Cinerama: Seven

Posted: September 12, 2009 in Cinerama


By Mike Derdcrian

Over the many years of my petty existence I have been dubbed many names some were accurate and some weren’t. I was called the freak show; the nerd; the hermit; lard face; the shy guy; scarface and the angry man with a chip on his shoulder.

A few weeks ago I was surprised to find out that I now have a new nickname: The persecuted one. Someone told me that my character appears to be enveloped within a light sense of persecution. I did not know what to answer her. Was she right? I don’t know but I know one thing and that from among the seven deadly sins—which are lechery, gluttony, wrath, pride, sloth, avarice and envy—I have two.

Pride and wrath are my greatest sins. How did I come to such a conclusion? Well, I was more than once called the arrogant one and I have a temper that would make the Hulk look like a schoolgirl. It comes with the character they say but I believe that a person molds his own personality and to be honest I am quite happy with mine. There is nothing special about me more than any one else out there in the world but I know one thing: I have a very strange mind, which is why I chose to write about David Fincher’s devilish thriller Seven.

Seven is dark, haunting, brutal and disturbingly brilliant; it doesn’t fail the audience at any level and one can easily say that this is a movie that delivered the goods. In the core it demonstrates how misinterpretations can lead to traumatic if not fatal results—the gravest of which befalls society and innocent individuals.

A series of grisly murders that appear to be the work of a serial killer, who is driven by a moral-religious impulse, puts the human nature at question. Two detectives are assigned to the case, veteran Detective Lieutenant William Somerset (Morgan Freeman), who is about to retire, and Detective David Mills (Brad Pitt), who is being assisted and trained by Somerset.

Both Freeman and Pitt gave a remarkable performance—power performance is a more description—and were able to capture the spirit of their characters by the inch. Somerset is old and wise, whereas, Mills is fiery, tough and cocky.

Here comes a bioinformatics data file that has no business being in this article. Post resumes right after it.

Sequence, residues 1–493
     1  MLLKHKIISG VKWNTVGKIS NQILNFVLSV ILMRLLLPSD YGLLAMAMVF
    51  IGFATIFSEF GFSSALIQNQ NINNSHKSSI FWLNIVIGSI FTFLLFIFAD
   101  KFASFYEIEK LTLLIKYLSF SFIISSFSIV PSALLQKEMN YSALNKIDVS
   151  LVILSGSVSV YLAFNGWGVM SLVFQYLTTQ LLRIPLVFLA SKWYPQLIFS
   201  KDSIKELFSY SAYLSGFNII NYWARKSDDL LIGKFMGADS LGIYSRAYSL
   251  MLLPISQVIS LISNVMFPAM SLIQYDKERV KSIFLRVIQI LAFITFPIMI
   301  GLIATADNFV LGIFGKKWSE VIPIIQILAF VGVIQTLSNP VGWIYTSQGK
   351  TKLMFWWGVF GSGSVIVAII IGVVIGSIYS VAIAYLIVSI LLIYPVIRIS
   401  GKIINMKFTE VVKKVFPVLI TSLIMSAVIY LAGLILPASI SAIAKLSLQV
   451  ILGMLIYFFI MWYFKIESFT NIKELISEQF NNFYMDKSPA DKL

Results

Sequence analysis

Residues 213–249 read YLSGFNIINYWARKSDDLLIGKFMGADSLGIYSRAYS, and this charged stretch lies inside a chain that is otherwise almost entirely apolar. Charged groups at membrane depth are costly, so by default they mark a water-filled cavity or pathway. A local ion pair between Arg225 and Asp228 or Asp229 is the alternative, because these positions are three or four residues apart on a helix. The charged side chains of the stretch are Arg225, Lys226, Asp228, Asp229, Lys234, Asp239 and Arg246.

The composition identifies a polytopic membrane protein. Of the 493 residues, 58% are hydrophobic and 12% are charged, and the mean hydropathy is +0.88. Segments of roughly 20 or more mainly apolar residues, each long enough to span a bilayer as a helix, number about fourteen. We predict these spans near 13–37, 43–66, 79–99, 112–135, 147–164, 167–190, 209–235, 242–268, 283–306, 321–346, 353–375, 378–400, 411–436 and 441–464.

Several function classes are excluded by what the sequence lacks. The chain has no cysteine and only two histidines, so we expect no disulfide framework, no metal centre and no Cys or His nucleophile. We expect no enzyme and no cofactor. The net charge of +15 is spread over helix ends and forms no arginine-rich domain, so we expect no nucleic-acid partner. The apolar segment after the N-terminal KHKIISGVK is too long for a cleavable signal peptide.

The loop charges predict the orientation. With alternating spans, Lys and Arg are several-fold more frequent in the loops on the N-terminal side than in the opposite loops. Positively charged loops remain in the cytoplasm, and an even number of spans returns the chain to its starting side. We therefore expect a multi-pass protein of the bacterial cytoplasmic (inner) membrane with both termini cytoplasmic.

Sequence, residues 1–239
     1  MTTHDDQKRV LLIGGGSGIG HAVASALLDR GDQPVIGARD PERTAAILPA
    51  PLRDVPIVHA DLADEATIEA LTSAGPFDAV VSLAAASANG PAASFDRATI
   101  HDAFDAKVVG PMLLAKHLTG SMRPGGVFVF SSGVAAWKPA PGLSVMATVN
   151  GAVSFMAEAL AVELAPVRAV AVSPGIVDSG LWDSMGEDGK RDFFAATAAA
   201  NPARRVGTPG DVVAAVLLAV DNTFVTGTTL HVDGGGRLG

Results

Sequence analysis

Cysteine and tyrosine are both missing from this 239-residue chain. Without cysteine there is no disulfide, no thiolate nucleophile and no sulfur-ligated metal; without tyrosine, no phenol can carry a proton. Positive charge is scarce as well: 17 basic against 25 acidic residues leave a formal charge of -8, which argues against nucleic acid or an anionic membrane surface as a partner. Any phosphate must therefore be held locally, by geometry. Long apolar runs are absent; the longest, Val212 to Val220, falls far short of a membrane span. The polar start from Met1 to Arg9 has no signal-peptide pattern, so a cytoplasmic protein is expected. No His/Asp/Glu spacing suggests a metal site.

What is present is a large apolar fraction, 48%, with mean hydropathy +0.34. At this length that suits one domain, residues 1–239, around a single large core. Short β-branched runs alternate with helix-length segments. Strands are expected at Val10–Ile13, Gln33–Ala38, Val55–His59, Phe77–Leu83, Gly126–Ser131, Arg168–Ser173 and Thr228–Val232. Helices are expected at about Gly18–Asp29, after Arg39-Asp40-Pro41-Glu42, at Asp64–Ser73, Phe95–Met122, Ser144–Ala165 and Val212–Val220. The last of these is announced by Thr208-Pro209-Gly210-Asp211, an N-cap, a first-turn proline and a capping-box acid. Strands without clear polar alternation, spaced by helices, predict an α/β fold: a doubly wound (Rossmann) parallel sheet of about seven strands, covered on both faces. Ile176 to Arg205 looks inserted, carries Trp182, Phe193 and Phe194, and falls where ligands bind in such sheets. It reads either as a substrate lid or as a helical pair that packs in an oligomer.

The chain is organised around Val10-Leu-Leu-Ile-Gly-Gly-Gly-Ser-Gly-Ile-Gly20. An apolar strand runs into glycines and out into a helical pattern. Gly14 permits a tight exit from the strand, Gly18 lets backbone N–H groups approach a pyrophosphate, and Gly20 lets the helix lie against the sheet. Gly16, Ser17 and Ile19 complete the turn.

Somerset and Mills complement each other and are almost in synch until the balance falters with devastating effects. Just like in chemistry the strongest substance overcomes the weaker, which in humans is quite the same.
Despite of her short screen presence Gwyneth Paltrow, who portrayed Tracy Mills, the wife of our tough detective, provided a well-built supporting role that allowed us in turn to dig deeper into the personality of her husband.

The bleak ambience of this film that certainly set the standard for many films of the same genre in the years that followed like Fight Club (1999) and Saw (2004) helped amplify the grim nature of the storyline and dialogue.

With mid-tempo action the plot begins to slowly unravel but Fincher and Andrew Kevin Walker, who wrote the film, brilliantly decided to keep the perpetrator of these crimes in the shadows. Which is why I will do the same but I will give you his screen name and that’s John Doe.

In one scene John Doe explains, in utter revulsion, the reason he chose the people he murdered by saying, “a woman so ugly on the inside she couldn’t bear to go on living if she couldn’t be beautiful on the outside. A drug dealer, a drug dealing ********, actually! And let’s not forget the disease-spreading *****!”

Such a statement doesn’t make any sense to us but to a person, whose brain has gone haywire, it makes a lot of sense. Here is a different interpretation: No woman wishes to be a prostitute. A woman who is forced to sell her body finds no pleasure in what she does but society thinks otherwise. When a group of Pharisees brought Mary Magdalene to Jesus demanding that she be stoned he answered, “let he who is without sin cast the first stone.”

Now, the seven deadly sins—speaking in a modern day terminology—are one-way-tickets to hell. One gaze at today’s societies and person would realize that all people have earned tickets; however, by hard labor and faith they can get rid of them. If you have read Everyman, which is a medieval moral play, you will understand this part of Cinerama.

Within the span of 127 minutes the viewer is exposed to graphic images of murder, fowl language, great acting, moments of anger and frustration especially near the finale when two of the seven deadly sins are committed.

Must-see-scenes: Any scene involving the characters of Pitt and Freeman; when police discover John Doe’s apartment and start to read his journals; when Mills chases John Doe through the fire escape under the rain; the gruesome murder scenes—especially the scenes involving the man whose sin was sloth plus the man and woman who are accused of lechery, which is the most harrowing.


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